Abhiniveśa (अभिनिवेश).—i. e. abhi-ni -viś + a, m. 1. Inclination, [Vikramorvaśī, (ed. Bollensen.)] 35, 13. 2. Adhering, [Mānavadharmaśāstra] 12, 5. 3. Tenacity. 4. Determined resolution. samupajātābhiniveśam, i. e. sam-upa-jāta-abhiniveśa + m, adv. After having taken a determined resolution, [Prabodhacandrodaya, (ed. Brockhaus.)] 67, 14.Source: Cologne Digital Sanskrit Dictionaries: Cappeller Sanskrit-English Dictionary
Abhiniveśa (अभिनिवेश).—[masculine] inclination, attachment to ([locative] or —°); intentness, resolution, tenacity.Source: Cologne Digital Sanskrit Dictionaries: Monier-Williams Sanskrit-English Dictionary
1) Abhiniveśa (अभिनिवेश):—[=abhi-niveśa] [from abhini-viś] m. application, intentness, study, affection, devotion (with [locative case] or ifc.)
2) [v.s. ...] determination (to effect a purpose or attain an object), tenacity, adherence to ([locative case]), [Kumāra-sambhava v, 7, etc.]Source: Cologne Digital Sanskrit Dictionaries: Goldstücker Sanskrit-English Dictionary
Abhiniveśa (अभिनिवेश):—[tatpurusha compound] m.
(-śaḥ) 1) Application of thought, lean-ing towards, attachment; e. g. Yājnav.: evaṃvṛttovinītātmā vitathābhiniveśavān (Mit.: vitaº = asatkāryābhiniveśavān; comp. abhiniveśin); or Manu: paradravyeṣvabhidhyānaṃ manasāniṣṭacintanam . vitathābhiniveśaśca trividhaṃ karma mānasam (Kullūka: vitaº nāsti paralokaḥ . deha evātmeti; Medhātithi: pūrvapakṣasya siddhāntatvena grahaṇam, i. e. adhering to false doctrines); or Śakunt.: baliaṃkkhu me ahiṇiveso (i. e. balīyāṃkhalu mebhiniveśaḥ); comm. ahiº = abhilāṣaḥ, i. e. my attachment is indeed very strong; or Kāśikā: kalyāṇe bhiniveśaḥ, or pāpebhiniveśaḥ.
2) Intentness, determination of purpose, determined resolution, tenacity; e. g. Kumārasambh.: athānurūpābhiniveśatoṣiṇā kṛtābhyujñā guruṇā garīyasā…jagāma gaurī śikharaṃ śikhaṇḍivat (quoted also by Vyāḍi on Hemach. 6. 136. or v. 1500.; Mallin.: abhiº = āgraha); or Śisupālab.: apetayuddhābhiniveśasaumyo harirhariprasthamatha pratasthe (Mallin.: = apeto yuddhebhiniveśa āgraho yasya sa śāntakrodha ityarthaḥ); or Raghuv.: …janakātmajāyāṃ nitāntarūkṣābhiniveśamīśam . na kaścana bhrātṛṣu teṣu śakto niṣeddhumāsīt; or Prabodhach.: tato devyā (scil. viṣṇubhaktyā) samupajātābhiniveśamuktam (comm.: = utpannaḥ…abhimāno yatra yasyāṃ kriyāyāṃ yathā syāttathā, i. e. after having taking a proper resolution).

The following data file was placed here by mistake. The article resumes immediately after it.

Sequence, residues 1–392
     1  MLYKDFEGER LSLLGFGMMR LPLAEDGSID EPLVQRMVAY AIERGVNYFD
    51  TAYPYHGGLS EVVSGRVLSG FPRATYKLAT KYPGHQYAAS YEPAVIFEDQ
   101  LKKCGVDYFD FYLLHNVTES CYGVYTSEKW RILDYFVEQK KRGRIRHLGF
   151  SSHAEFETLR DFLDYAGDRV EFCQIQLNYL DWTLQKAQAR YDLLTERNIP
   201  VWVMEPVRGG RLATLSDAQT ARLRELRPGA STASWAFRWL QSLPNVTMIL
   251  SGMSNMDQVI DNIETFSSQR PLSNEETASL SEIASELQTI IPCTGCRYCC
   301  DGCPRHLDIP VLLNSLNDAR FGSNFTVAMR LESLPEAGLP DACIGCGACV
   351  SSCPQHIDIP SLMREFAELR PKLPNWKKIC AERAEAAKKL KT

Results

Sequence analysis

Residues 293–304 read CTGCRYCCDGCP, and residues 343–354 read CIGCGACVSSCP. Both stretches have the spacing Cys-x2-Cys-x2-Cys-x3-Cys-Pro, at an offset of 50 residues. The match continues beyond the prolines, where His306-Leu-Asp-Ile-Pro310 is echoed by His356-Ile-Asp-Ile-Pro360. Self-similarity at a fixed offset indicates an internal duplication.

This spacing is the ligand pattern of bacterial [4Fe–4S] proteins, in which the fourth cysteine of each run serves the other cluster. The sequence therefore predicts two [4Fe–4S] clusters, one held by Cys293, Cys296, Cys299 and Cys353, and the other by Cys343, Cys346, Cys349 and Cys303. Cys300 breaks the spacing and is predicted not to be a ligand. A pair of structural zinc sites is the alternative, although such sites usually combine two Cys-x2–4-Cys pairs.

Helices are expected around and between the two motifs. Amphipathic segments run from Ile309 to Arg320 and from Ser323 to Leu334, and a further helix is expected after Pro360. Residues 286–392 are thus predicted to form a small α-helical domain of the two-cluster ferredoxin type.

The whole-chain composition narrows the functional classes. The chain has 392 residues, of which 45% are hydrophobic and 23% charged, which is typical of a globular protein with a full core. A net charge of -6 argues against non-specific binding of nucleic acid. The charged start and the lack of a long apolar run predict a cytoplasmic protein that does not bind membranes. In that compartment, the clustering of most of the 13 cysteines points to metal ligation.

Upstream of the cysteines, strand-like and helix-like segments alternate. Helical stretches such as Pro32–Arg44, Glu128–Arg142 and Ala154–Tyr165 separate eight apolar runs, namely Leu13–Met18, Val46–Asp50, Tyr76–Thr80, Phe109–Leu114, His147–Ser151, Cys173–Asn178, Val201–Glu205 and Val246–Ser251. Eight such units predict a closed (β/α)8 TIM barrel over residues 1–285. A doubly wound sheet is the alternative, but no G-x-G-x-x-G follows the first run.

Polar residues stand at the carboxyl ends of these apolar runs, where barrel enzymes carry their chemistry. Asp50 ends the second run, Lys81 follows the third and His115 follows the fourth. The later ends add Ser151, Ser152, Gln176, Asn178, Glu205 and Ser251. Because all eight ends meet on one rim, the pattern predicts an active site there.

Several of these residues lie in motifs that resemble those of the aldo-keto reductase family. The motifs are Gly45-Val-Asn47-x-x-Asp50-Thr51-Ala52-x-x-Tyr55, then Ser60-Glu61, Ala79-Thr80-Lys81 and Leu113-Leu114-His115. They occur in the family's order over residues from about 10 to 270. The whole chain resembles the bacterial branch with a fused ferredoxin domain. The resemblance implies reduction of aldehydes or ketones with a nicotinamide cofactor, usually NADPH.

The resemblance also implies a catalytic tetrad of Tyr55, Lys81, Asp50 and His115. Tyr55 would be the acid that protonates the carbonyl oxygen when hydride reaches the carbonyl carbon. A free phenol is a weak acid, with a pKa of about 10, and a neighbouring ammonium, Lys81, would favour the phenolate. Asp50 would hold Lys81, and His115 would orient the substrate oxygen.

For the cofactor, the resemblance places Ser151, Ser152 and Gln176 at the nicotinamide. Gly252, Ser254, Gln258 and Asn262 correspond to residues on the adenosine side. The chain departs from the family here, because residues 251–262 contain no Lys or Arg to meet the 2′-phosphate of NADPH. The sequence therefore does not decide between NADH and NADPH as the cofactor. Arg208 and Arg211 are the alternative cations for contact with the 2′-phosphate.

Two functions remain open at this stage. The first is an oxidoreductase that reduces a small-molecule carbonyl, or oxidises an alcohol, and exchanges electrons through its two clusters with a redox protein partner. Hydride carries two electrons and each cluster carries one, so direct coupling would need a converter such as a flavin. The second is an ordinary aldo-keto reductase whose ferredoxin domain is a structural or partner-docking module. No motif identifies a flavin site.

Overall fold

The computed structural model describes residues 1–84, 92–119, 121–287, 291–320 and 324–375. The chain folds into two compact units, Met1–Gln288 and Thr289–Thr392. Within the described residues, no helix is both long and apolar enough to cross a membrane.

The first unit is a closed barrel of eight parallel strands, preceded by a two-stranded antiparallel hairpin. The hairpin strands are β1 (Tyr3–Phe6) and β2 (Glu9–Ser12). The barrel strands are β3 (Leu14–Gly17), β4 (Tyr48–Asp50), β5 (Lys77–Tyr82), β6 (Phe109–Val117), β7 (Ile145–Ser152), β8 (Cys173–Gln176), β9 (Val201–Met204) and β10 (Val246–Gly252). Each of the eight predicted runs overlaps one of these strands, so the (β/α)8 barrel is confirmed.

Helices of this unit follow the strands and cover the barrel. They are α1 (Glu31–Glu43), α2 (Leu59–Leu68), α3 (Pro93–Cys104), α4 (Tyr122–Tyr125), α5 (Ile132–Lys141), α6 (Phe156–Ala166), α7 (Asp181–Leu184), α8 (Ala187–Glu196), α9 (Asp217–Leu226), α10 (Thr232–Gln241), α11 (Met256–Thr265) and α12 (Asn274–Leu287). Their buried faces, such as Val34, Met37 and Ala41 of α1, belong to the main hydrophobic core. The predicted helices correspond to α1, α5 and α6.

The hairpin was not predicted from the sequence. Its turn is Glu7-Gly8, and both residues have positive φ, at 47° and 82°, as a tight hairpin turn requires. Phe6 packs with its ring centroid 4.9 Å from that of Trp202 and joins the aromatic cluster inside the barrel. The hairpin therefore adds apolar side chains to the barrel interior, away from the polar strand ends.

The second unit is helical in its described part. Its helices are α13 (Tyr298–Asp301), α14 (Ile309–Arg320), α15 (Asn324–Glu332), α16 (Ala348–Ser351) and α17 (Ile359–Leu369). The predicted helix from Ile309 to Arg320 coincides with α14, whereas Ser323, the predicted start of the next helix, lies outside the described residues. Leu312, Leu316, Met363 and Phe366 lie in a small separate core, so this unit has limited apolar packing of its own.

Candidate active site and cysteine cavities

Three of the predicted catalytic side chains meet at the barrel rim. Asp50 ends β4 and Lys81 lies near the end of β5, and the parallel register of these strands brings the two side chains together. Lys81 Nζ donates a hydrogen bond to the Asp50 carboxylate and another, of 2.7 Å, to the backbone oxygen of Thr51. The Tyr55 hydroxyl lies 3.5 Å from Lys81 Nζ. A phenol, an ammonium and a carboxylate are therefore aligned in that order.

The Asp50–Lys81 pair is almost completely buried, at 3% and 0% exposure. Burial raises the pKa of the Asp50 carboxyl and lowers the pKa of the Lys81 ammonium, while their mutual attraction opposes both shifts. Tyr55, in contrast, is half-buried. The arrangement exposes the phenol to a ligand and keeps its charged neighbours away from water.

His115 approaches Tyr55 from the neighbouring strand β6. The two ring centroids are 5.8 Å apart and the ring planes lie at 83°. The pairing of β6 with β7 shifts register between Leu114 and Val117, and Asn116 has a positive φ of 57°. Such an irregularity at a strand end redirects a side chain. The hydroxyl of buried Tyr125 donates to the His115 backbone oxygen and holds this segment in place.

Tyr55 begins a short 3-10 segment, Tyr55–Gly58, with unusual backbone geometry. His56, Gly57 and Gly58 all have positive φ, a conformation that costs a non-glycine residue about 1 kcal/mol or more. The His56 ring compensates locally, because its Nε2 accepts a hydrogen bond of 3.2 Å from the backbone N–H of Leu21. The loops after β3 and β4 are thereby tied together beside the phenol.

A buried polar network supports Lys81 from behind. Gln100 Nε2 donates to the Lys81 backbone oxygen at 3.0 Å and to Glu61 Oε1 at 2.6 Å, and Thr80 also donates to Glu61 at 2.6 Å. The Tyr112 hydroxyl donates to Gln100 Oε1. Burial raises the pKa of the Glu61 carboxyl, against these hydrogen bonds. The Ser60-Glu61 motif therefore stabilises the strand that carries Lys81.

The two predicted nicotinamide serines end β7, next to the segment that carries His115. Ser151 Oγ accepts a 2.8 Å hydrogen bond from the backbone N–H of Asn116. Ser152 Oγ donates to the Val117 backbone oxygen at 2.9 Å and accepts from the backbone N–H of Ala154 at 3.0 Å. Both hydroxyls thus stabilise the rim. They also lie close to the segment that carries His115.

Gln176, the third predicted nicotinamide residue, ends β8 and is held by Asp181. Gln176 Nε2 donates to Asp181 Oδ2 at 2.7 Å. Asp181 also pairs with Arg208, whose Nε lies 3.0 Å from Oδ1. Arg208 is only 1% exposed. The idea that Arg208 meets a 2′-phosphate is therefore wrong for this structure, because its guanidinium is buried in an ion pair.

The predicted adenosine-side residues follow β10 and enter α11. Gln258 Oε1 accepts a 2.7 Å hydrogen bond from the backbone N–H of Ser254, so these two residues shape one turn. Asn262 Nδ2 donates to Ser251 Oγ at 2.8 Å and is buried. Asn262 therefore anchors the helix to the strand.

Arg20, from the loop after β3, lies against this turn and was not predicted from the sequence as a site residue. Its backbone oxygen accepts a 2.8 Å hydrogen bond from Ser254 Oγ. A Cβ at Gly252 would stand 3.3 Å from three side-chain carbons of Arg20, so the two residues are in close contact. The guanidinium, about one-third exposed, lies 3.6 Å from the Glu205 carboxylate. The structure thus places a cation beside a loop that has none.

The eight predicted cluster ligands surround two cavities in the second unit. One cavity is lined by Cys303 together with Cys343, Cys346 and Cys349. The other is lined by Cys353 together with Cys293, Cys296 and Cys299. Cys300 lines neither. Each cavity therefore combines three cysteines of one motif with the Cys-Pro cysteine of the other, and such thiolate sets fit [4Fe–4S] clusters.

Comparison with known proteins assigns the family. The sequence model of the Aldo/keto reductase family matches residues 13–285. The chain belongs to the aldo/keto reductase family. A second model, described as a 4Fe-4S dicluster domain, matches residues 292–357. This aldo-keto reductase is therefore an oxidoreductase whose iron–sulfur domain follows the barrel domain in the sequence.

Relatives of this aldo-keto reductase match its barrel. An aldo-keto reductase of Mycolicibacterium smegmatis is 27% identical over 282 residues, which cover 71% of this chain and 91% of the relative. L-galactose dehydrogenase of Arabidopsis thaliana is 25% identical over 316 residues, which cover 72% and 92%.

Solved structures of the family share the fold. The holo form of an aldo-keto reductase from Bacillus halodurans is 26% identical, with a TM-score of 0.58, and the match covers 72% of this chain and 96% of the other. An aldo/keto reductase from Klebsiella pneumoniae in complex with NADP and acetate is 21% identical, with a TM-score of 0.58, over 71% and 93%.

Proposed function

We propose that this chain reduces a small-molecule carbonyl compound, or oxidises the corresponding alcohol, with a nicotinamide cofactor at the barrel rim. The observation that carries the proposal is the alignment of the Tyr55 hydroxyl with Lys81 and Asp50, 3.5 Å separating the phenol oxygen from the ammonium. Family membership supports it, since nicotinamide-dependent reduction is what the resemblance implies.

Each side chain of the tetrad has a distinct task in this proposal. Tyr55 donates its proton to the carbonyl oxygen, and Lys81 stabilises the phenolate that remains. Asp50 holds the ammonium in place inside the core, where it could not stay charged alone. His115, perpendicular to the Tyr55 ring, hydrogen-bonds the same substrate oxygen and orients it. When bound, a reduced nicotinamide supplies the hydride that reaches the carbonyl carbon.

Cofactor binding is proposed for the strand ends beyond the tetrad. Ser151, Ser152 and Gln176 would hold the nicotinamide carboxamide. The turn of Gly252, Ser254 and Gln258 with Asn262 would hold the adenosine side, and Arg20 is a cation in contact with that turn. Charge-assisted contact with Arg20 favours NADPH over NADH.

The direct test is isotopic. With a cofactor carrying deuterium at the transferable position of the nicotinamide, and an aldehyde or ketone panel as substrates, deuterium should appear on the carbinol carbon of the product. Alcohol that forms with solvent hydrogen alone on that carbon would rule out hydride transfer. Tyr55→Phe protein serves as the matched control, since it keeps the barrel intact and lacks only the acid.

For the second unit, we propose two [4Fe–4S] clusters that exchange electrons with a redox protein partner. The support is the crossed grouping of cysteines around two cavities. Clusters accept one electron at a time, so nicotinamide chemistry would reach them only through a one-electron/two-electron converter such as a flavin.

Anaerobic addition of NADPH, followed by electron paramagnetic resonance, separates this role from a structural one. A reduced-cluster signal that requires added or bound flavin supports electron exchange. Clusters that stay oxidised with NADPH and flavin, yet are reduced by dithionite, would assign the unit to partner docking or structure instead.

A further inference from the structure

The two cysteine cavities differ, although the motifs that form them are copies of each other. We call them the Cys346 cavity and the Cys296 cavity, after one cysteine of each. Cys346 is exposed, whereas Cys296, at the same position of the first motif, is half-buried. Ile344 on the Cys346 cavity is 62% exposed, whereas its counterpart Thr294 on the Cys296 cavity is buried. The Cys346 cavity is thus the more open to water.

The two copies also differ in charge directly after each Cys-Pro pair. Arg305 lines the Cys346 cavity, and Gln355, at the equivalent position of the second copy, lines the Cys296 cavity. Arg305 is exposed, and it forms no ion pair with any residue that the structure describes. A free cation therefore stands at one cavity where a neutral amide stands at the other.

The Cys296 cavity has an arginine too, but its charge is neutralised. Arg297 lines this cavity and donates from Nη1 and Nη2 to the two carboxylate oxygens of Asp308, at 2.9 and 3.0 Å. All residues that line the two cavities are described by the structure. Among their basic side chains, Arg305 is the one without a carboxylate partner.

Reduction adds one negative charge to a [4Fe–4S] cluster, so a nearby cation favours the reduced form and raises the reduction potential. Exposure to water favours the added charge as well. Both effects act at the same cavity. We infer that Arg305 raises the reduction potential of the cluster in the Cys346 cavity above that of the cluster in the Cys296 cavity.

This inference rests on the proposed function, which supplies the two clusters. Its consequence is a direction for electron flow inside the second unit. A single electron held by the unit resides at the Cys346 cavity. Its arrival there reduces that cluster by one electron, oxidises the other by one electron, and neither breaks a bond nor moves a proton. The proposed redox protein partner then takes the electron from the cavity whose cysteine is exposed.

3) (In the Yoga philosophy.) The instinctive (but unjustifiable) clinging to life and bodily enjoyment, (‘which is alike in the unthinking worm as in the wise man’); it is one of the five kleśāḥ (Yoga Sūtra: avidyāsmitārāgadveṣābhiniveśāḥ pañca kleśāḥ) or afflictions of mind which impede the apprehension of true knowledge; comp. viparyaya. (Yoga Sūtra: svarasavāhī viduṣopi tathā rūḍho—v. l. but apparently less correct: viduṣopi tanvanubandho—bhiniveśaḥ; a comm.: sarvasya prāṇina iyamātmāśīrnityā bhavati . mā na bhūvaṃ bhūyāsamiti . na cānanubhūtamaraṇadharmakasyaiṣā bhavatyātmāśīḥ . etayā ca pūrvajanmānubhavaḥ pratīyate . sa cāyamabhiniveśaḥ kleśaḥ svarasavāhī kṛmerapi jātamātrasya pratyakṣānumānāgamairasaṃbhāvito maraṇatrāsa ucchedadṛṣṭyātmakaḥ pūrvajanmānubhūtaṃ maraṇaduḥkhamanumāpayati . yathā cāyamatyantarūḍheṣu dṛśyate kleśastathā viduṣopi vijñātapūrvāparāntasya rūḍhaḥ &c.; Bhojadeva: svasya rasena saṃskāreṇaiva vahatīti svarasavāhī . pūrvajanmānubhūtamaraṇaduḥkhānubhavavāsanābalādbhayarūpaḥ samupajāyamānaḥ śarīraviṣayādibhirmama viyogo mā bhūdityanvahamanubandharūpaḥ sarvasyaivā kṛmerbrahmaparyantaṃ (from the worm up to Brahmā) nimittaṃ vinā pravartamānobhiniveśākhyaḥ kleśaḥ; Mallinātha is therefore wrong in his philosophical explanation on Sīsupāl. 4. 55., when he renders in the quoted Yoga S. abhiniveśaḥ = kāryākāryeṣvāgrahaḥ.) E. viś with ni and abhi, kṛt aff. ghañ.Source: Cologne Digital Sanskrit Dictionaries: Yates Sanskrit-English Dictionary
Abhiniveśa (अभिनिवेश):—[abhi-niveśa] (śaḥ) 1. m. Intentness, application, study, tenacity.Source: DDSA: Paia-sadda-mahannavo; a comprehensive Prakrit Hindi dictionary (S)
[Sanskrit to German]